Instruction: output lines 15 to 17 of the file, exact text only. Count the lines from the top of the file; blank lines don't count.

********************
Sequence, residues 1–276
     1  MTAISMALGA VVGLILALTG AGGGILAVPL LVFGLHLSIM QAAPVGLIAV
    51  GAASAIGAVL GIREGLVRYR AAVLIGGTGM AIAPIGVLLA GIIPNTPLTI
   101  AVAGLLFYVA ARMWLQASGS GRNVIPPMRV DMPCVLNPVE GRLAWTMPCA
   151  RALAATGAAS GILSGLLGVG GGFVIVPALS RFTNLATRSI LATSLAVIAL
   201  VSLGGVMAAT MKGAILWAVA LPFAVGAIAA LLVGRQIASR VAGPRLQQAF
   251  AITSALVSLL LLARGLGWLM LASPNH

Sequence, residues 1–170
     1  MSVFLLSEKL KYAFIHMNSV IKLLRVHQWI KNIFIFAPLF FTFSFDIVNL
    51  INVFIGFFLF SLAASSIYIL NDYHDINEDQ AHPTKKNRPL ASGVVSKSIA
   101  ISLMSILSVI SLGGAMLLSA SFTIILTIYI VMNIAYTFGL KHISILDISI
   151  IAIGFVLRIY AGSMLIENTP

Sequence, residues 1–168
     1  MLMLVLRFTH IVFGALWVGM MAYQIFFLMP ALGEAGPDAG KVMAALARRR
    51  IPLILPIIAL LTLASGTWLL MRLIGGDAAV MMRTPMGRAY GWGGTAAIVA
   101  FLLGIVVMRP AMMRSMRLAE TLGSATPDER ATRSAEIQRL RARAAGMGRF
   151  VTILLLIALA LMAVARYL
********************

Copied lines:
    51  IPLILPIIAL LTLASGTWLL MRLIGGDAAV MMRTPMGRAY GWGGTAAIVA
   101  FLLGIVVMRP AMMRSMRLAE TLGSATPDER ATRSAEIQRL RARAAGMGRF
   151  VTILLLIALA LMAVARYL